A stove that could revolutionise the way hundreds of millions of people do their cooking has scooped the St Andrews Prize for the Environment.
BioLite took the top $75,000 award to the delight of inventor Jonathan den Hartog and a panel of judges who insisted it could “make the world a better place.”
Over three billion people cook on smoky, inefficient fires fulled by wood and other renewable solid biomass.
It is estimated that up to 500 million households who rely on such fires are depleting natural forest resources as a result.
They are also causing millions of tonnes of greenhouse gases to be released into the atmosphere in the forms of carbon dioxide, methane, nitrous oxide and black carbon.
As well as the environmental impact there is a human cost, with estimates suggesting the toxic gases released into homes using such inefficient cooking methods kill 1.6 million people every year.
Judges believe that BioLite could end that. A spokesman said, “The innovative cookstove provides improved air quality and a clean economic source of electricity inside the home.
“Solid biomass fires, used by almost half the global population, are inefficient and among the most greenhouse-intensive systems in the world per unit of energy delivered.Cook/charge”Clean energy company BioLite has developed a cookstove that slashes emissions by up to 95% and also provides electricity for charging LED lights, mobile phones and other devices used in rural areas where open fires are prevalent.”
Mr der Hartog celebrated at a ceremony at St Andrews University. He said, “I am delighted with this win. It will enable us to further develop our programme by funding capital costs, hardware and administration expenses.”
The prize attracts scholars of international repute, and prize trustee chairman Sir Crispin Tickell said that this year had been no exception.
He said, “The prize is going from strength to strength. It is now in its 13th year and we are delighted that is has become so well established and continues to attract such a range of innovative projects from all over the world.”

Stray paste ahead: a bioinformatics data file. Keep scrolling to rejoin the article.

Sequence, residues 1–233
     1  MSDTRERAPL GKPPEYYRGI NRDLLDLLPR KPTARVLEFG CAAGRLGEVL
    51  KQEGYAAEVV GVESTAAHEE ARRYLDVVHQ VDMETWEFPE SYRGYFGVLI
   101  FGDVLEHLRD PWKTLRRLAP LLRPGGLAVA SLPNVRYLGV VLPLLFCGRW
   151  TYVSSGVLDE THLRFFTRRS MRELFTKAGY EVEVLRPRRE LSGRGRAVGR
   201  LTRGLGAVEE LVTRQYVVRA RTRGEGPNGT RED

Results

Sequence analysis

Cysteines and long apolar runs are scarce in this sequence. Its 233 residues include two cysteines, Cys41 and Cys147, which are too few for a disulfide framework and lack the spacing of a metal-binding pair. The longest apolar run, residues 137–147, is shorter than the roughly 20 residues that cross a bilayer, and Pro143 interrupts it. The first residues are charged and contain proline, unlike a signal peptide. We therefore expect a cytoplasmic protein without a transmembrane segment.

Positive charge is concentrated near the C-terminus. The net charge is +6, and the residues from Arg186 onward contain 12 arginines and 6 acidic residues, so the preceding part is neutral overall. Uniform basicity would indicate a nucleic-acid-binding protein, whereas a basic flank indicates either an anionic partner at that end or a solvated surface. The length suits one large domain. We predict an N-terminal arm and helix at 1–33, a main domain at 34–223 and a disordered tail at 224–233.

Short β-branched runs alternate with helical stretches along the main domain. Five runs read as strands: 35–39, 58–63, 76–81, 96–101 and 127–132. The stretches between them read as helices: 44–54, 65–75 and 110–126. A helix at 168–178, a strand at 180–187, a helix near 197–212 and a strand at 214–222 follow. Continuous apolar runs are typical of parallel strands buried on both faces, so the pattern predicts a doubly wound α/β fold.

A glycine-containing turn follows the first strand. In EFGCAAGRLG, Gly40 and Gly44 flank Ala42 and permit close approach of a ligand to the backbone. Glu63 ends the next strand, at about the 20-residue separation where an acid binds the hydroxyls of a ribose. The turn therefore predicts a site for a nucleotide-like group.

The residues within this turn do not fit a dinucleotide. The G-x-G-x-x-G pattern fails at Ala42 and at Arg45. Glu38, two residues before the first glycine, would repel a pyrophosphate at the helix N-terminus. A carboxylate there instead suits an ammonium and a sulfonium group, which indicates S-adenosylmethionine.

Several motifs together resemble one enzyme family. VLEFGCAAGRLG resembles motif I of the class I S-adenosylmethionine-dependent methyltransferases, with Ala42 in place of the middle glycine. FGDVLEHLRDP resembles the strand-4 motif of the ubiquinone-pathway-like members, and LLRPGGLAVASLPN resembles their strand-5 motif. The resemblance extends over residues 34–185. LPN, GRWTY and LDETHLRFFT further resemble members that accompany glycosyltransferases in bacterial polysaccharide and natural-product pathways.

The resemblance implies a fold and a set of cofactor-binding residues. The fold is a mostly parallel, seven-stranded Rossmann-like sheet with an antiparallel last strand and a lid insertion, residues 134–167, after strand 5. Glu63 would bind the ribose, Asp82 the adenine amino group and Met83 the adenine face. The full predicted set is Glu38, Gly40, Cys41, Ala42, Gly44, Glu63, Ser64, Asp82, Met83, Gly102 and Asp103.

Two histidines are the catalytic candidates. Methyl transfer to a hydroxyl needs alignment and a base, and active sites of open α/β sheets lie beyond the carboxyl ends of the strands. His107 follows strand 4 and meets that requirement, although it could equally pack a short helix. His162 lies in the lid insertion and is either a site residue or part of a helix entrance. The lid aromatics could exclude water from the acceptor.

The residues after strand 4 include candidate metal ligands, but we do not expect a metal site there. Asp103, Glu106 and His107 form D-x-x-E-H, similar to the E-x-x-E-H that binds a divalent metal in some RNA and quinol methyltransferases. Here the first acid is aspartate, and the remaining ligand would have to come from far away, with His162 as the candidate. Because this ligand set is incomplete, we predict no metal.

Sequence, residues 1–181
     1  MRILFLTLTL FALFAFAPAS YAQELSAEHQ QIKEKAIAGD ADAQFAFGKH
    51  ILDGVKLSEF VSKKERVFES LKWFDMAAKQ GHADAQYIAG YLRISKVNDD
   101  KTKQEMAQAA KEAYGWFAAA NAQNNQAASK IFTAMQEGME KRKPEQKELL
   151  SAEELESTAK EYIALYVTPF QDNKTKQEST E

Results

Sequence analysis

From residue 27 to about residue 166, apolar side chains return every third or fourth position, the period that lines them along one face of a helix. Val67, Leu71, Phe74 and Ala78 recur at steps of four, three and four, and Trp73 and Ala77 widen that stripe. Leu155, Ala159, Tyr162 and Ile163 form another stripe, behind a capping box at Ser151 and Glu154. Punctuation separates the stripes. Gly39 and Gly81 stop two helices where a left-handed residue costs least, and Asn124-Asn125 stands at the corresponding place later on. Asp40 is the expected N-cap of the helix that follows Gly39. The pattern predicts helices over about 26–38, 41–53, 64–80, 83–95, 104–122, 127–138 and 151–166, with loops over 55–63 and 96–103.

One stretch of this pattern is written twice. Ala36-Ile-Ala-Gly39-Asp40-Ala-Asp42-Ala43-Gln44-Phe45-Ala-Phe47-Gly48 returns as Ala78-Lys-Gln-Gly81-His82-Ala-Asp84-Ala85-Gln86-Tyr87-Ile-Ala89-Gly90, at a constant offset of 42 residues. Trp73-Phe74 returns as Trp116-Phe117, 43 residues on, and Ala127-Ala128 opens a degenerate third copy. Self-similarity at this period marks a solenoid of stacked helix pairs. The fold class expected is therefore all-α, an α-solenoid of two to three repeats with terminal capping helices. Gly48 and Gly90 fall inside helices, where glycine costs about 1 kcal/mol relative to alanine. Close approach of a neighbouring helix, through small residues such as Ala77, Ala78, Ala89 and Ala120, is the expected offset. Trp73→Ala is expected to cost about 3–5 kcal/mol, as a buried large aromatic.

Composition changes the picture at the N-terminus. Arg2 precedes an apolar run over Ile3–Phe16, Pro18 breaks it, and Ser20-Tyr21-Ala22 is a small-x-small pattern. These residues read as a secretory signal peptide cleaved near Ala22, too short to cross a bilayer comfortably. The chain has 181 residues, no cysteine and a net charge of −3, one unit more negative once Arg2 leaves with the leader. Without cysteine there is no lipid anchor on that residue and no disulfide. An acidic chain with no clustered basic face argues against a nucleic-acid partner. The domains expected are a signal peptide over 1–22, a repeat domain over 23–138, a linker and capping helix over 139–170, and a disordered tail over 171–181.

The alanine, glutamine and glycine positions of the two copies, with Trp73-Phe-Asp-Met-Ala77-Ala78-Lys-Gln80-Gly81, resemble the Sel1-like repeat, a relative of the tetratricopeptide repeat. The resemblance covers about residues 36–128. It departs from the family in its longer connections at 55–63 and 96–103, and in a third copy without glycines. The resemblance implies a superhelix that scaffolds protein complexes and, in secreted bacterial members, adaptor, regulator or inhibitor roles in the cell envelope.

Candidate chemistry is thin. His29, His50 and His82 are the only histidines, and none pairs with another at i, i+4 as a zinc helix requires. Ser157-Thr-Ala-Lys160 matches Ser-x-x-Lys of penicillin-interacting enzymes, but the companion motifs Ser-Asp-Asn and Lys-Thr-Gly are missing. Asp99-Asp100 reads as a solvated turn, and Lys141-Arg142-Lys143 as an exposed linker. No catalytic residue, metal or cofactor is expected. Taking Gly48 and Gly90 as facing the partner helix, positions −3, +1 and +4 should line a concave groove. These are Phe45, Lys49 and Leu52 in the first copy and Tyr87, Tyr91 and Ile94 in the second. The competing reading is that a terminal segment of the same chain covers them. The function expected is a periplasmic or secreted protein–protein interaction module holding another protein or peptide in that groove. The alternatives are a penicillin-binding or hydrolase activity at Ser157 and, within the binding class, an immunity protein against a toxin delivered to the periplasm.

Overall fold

“We are looking for entrepreneurs on behalf of the environment applicants able to champion original and innovative environmental ideas which are realistic and realisable and which take account of social and economic implications.”
This year’s runners-up, each presented with a cheque for $25,000, were:Project Meshanani, which aims to re-establish the ecological balance in the desert area around the Amboseli National Park in Kenya, providing a sustainable, habitable environment with a positive economic outlook for the local Masai Coconut Oil, which develops a hydraulic press doubling the amount of oil which can be extracted from coconuts significantly increasing the income of the people of the Nicobar Islands in the Bay of Bengal, just north of Sumatra.University principal and vice-chancellor Professor Louise Richardson was delighted by the standard of entries.
She said, “For centuries this university has educated young people motivated by a desire to improve the world around them.
“Today, we are proud to be at the cutting edge of the field of sustainability and environmental studies and to support, through the St Andrews Prize, the current generation of creative thinkers designing solutions to today’s problems.”
The competition is run with ConocoPhillips, one of the world’s largest energy companies with operations in more than 30 countries.
UK and Africa president Paul Warwick said, “Recognising innovative ideas that will help protect our environment and improve the lives of our fellow citizens through the St Andrews Prize for the Environment allows us to reward outstanding and environmentally conscious individuals and groups who help make the world a better place.”
Since 1998 the prize has attracted entries on topics as diverse as sustainable development in the Amazon and Central American rainforests, urban regeneration, recycling, health and water issues and renewable energy.